EIA data: US crude stocks rise on higher imports
The latest weekly EIA data reveal that US commercial crude inventories rose by 5.9 MB last week to 375.1 MB, up 11.1% from the same week last year and 12.2% higher than the five-year average for the equivalent week. The rise came as imports rose by 476 kb/d on the week to 8.82 mb/d, whilst domestic production and crude inputs at US refineries remained largely stable. Gasoline inventories rose by 1.4 MB to 198.6 MB, with demand sinking by 236 kb/d to 8.49 mb/d, the lowest weekly average since mid-March and 5.7% below the five-year average for the equivalent week. Gasoline imports were stable from a week earlier, down just 4 kb/d to 526 kb/d. Distillate inventories dropped by 0.6 MB to 118.0 MB, down 18.9% yoy and by 20.5% versus the five-year average for the equivalent week.
Shell declares force majeure on Bonny and Forcados crude exports
Shell has declared force majeure on its exports of Nigerian grades, Bonny Light and Forcados, Reuters reports. This is the third time the declaration has been made for Bonny, and follows yet another incident of pipeline theft. Upstream flooding has also contributed to the lower available export volumes. The declaration for Forcados exports also follows pipeline theft. Initial programmes saw Bonny exports planned at 237 kb/d this month, and 175 kb/d in November. Forcados shipments were scheduled at 215 kb/d and 232 kb/d respectively.
US steel imports fall further
Preliminary data from the US Census Bureau indicate that the country’s steel imports fell for a fifth consecutive month to a fresh year-to-date low of 2.2 Mt in September, down 9% from August. However, September’s total was still 8% higher than the year-ago level. Total imports in the first nine months of this year of 23.2 Mt were 3.3 Mt higher than those for the corresponding period last year.
Buzzard restart delayed for third time
The restart of the 220 kb/d Buzzard oil field in the North Sea has been delayed once more, with maintenance now scheduled to end on 23 October, 21 days after the initial restart date, Reuters reports. At least a further two cargoes have been delayed as a result. The field is the main source of crude for the Forties stream, which in turn contributes to the Brent crude marker. The reduced volumes have offered support to Brent prices, despite an oversupply of light crude in the Atlantic Basin.
Coal imports in the Pacific basin
China imported 18.63 Mt of coal (including lignite) in September, down by 1.8 Mt on August and 4.3 Mt on Sept 2011, according to data from the SXcoal. This marked the lowest level since June 2011 and was 8.6 Mt lower than the all-time high witnessed in June.
By contrast, the same month saw a sharp rise in Japanese imports in advance of the introduction of a new environment tax on fossil fuels from 1st October. The country imported 17.4 Mt of coal, up 23% year-on-year to the highest level since July 2008. This was just 0.3 Mt below the record level seen in January 2008.
Global steel output remains flat
Global crude steel production in September was unchanged on August and the year-ago level, at 123.6 Mt, according to latest update from the World Steel Association. Total output in the first nine months of this year only rose marginally by 0.6% year-on-year to 1149.4 Mt.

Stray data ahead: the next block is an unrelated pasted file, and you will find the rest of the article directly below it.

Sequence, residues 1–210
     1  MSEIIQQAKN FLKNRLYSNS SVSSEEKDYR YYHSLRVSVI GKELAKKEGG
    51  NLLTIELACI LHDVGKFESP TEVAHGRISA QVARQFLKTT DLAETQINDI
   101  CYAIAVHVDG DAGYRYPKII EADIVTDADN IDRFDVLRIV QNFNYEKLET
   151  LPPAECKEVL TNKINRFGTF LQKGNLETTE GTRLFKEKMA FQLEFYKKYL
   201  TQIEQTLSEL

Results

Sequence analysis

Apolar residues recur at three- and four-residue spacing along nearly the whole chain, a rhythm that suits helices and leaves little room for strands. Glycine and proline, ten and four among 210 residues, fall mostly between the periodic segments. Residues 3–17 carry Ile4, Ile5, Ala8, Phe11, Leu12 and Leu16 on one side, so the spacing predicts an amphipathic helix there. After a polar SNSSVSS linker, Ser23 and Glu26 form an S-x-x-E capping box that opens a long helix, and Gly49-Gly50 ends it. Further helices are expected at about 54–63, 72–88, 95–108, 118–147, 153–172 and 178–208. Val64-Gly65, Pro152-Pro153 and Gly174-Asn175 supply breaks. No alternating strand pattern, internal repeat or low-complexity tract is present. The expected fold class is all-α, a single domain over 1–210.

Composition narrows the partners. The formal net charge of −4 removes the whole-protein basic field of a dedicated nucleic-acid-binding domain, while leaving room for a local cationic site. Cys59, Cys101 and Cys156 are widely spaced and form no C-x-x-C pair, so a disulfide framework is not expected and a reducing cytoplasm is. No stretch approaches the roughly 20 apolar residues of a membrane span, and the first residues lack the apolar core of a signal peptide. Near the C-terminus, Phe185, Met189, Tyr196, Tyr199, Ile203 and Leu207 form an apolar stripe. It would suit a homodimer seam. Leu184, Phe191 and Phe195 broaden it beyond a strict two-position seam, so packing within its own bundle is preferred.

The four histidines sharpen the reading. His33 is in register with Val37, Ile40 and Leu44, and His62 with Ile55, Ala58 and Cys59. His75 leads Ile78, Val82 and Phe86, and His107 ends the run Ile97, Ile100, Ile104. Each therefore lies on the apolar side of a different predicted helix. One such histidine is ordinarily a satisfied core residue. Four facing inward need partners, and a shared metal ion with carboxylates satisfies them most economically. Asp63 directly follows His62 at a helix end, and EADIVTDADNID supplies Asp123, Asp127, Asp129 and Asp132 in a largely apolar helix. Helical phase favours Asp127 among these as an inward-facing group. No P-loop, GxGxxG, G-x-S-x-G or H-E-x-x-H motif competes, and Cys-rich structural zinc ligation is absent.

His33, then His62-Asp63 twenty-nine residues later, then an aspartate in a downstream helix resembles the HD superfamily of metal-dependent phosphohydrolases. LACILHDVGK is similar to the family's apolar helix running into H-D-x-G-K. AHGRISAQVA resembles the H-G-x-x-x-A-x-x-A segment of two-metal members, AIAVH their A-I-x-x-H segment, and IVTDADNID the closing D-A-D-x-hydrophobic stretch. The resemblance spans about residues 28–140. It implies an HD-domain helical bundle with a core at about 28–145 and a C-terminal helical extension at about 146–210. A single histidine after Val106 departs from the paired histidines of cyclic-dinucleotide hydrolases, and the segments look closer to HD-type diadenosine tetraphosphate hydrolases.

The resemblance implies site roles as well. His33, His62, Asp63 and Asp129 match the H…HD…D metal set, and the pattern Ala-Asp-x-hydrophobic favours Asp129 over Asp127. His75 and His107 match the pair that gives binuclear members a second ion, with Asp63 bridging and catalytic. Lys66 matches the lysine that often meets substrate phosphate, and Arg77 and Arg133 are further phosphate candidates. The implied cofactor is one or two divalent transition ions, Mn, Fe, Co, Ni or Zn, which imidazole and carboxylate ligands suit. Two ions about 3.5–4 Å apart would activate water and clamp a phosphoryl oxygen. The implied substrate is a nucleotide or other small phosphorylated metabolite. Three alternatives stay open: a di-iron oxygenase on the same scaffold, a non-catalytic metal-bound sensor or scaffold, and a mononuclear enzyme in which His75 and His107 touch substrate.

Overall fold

After hitting an all-time high of 61.7 Mt in July, China produced 57.95 Mt of crude steel in September, with a marginal rise of 0.6% year-on-year. Annual increases have been also seen from the CIS (+5.7% to 9.6 Mt), India (+5.6% to 6.2 Mt) and South Korea (+1.8% to 5.6 Mt). September did, however, see year-on-year declines in steel production from the European Union (-3.9% to 14.1 Mt), the US (-3% to 7.0 Mt) and Japan (-1% to 8.8 Mt).
Keystone pipeline fault reduces flow of Canadian crude to US
A fault has halted flows along TransCanada’s 590 kb/d Keystone pipeline, which carries Canadian crude from the Alberta tar sands to the US Midwest, Reuters reports. The line is expected to be shut for three-days. The stoppage has caused some Canadian exports to back-up, but TransCanada expects ‘normal operations and flows for the rest of October’ once the line has been repaired. US imports of Canadian crude averaged 2.28 mb/d last week, according to provisional EIA data.
Indian iron ore shipments declined further
Iron ore cargoes shipped from India’s major ports in September fell for a fourth consecutive month, down 0.8 Mt month-on-month to a year-to-date low of 0.98 Mt, according to the Indian Ports Association. This was also 3.1 Mt lower year-on-year. Total throughput in January to September this year of 30.8 Mt represents a massive decline of 28.7 Mt year-on-year.
Chinese crude runs hit record high in September
The latest data from China’s National Bureau of Statistics show that the country’s refineries processed 9.47 mb/d of crude oil in September, an all-time high. Last month’s crude runs were 546 kb/d higher than in August and up 650 kb/d yoy. With imports declining yoy in August and September, continued growth in crude runs further suggests that refiners are utilising crude stocks built earlier in the year.
China’s crude steel production at 7-month low
China produced 57.95 Mt of crude steel in September, representing the lowest monthly output volume since February, according to latest data from the National Bureau of Statistics. This compares with a monthly all-time high of 61.7 Mt in July. However, September’s figure was still up marginally (+0.6%) from a year ago.
China’s GDP grew 7.4% year-on-year in the 3q12, against 7.6% in the 2q12. This marked the slowest pace since the 1q09.
Buzzard restart delayed again
The restart of the 220 kb/d Buzzard field in the North Sea has been postponed once again, this time to 19-20 October, Reuters reports. This represents a delay of 15-16 days, something that has seen most of the October-loading Forties cargoes deferred, a number of them into November.
China’s power consumption at 5-month low
According to the National Energy Administration, China’s electricity consumption grew by 2.9% year-on-year to 405.1 billion kWh in September, compared with 3.6% annual growth in August. September’s figure was the lowest monthly power use since April and suggests that industrial activity remained weak amid an economic slowdown. However, the country’s total power consumption in January to September of this year still gained 4.8% from a year ago to 3.69 trillion kWh.